When the American Express Company (NYSE:AXP) reported its 2018 third-quarter earnings last month, investors had plenty of reason to cheer. Its largest top-line contributor, discount revenue, grew to $6.18 billion, an 8% increase year over year. Its second- and third-highest revenue streams, net interest income and card fees, rose even faster, by 17% and 9%, respectively. That being said, the most encouraging sign for investors might be the immense progress American Express is making in its digital channels.
Consider: One year ago, Amex's mobile app offerings greatly lagged its rivals; it was the only major credit card without a partnership with PayPal Holdings Inc (NASDAQ:PYPL); and it was largely seen as losing the race in fintech. Fast-forward to today, and American Express has largely addressed all of these concerns. Amex's mobile app went from finishing sixth in J.D. Power's credit-card mobile app rankings in 2017, to first in 2018. And this year, American Express not only secured a partnership with PayPal, it also made two key acquisitions that should immensely bolster its mobile channels.
A renewed focus on the digital realm
In the company's third-quarter conference call, CEO Steve Squeri acknowledged in his opening remarks the importance of the efforts Amex was taking to increase its digital presence:
[T]oday I want to focus more on ... making American Express a more essential part of our customers' digital lives. Given the announcement we made earlier today about an expanded relationship with PayPal, I wanted to put the many things we are doing here in context. Over the past year, we've steadily gained traction on this critical imperative that cuts across every part of our integrated business model. Our progress on our digital efforts takes many forms; acquiring companies with great technology and AI capabilities like Mezi and Cake and working to integrate those capabilities into our app, creating partnerships with a range of innovative start-ups to stay on the leading edge of exploring new capabilities for our customers, steadily expanding our internal capabilities through new and innovative products ...
Let's take a closer look at the specific steps Squeri cited and how they have so quickly improved the company's digital fortunes.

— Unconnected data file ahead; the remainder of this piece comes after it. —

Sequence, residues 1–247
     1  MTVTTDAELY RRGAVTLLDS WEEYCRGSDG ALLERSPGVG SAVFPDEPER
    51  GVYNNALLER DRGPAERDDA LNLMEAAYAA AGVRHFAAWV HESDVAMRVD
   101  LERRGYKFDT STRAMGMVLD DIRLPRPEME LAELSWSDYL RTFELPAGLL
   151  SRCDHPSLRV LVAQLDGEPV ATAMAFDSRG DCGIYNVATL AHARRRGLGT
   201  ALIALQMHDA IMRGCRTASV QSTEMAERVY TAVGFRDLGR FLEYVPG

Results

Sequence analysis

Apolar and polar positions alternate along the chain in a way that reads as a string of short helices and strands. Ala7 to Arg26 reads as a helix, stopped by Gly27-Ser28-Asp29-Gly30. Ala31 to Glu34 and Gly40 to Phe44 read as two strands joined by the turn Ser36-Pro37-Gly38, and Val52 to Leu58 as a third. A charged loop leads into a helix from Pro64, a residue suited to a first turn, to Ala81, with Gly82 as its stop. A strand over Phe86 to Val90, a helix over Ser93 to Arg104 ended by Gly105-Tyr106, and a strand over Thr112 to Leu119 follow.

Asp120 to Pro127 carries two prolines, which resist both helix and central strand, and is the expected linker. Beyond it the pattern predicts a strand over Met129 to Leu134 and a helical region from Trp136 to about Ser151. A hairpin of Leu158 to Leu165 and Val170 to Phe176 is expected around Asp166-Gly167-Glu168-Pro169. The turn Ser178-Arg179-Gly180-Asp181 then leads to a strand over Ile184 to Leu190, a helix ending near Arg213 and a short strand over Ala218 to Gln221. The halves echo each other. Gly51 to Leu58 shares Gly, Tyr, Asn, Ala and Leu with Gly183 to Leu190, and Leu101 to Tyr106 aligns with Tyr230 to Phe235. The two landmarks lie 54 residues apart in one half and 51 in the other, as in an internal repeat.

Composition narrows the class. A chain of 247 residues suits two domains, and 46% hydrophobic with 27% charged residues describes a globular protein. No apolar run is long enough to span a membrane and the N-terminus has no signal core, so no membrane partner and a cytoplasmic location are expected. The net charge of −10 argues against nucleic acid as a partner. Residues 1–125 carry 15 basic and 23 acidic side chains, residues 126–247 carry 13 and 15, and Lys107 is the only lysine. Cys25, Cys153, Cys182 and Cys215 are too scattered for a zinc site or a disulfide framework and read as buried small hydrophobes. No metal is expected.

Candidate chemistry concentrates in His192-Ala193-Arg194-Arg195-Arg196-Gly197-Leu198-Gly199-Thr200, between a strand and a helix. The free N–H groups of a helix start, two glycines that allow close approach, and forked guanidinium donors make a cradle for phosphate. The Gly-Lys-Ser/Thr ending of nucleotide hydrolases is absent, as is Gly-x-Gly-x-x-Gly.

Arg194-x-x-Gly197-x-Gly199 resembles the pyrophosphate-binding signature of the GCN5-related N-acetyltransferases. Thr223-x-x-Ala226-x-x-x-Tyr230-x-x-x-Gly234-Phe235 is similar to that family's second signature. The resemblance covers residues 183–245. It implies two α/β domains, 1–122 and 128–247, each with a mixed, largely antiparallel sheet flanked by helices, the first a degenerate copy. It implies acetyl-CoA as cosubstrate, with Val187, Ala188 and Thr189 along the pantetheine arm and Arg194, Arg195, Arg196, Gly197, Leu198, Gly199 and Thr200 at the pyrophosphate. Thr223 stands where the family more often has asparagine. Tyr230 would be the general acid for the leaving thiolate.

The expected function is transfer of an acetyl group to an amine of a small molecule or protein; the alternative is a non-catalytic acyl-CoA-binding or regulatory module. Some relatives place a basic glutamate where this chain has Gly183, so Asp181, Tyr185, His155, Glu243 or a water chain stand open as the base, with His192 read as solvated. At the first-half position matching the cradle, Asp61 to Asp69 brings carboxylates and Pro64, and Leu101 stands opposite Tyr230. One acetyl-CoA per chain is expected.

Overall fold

A key partnership
The same day American Express reported its earnings, it also announced a major new partnership with PayPal, similar to the deal struck with PayPal last year by Discover Financial Services. The agreement lets AmEx card holders redeem reward points with merchants that accept PayPal and send money to friends and family via PayPal or Venmo directly from the American Express mobile app. They can also pay their card bills with their balances from their PayPal or Venmo accounts, and more easily add their American Express card to the PayPal digital wallet platform.
Squeri maintains, "... it always made sense for us to expand our relationship with them," and he seemed especially excited about the new avenue card members now have to redeem their reward points. He said that, while he could not yet put a number to it, he believes it will lead to an "uptick" in the points being used, which leads to increased cardholder and merchant satisfaction.
A company on the go
American Express is also rightly proud of the work it is putting into its mobile offerings. As mentioned above, it won J.D. Power's U.S. Credit Card App Satisfaction Survey this year after finishing sixth in 2017. In the company's second-quarter conference call, Squeri gave credit to the company's renewed focus "on engaging our customers in that app," including giving it chat-based capabilities so cardholders could engage with customer service.
The company also gives credit to two acquisitions it made in the last year to bolster its mobile offerings, Mezi and Cake. Mezi uses AI to power AskAmex, the company's travel-based concierge app. The platform allows users to message the app, asking for help to do things such as book flights and make restaurant reservations. In October 2017, American Express acquired Cake, a mobile payments solutions start-up, for $13 million. Cake is a platform designed to eliminate cash payments in restaurants and bars while also giving those types of businesses more data on their customers.
Just over a year ago, it was an open question whether American Express could capture the millennial consumer. While the company has largely shown that millennials can be attracted through the use of innovative and unique reward offerings, its enhanced digital offerings also go a long way toward answering this need. For the time being, shareholders can rest easy knowing that AmEx continues to grow its major revenue streams while vigorously pursuing new digital channels.
Matthew Cochrane owns shares of PayPal Holdings. The Motley Fool owns shares of and recommends PayPal Holdings. The Motley Fool has the following options: short January 2019 $82 calls on PayPal Holdings. The Motley Fool has a disclosure policy.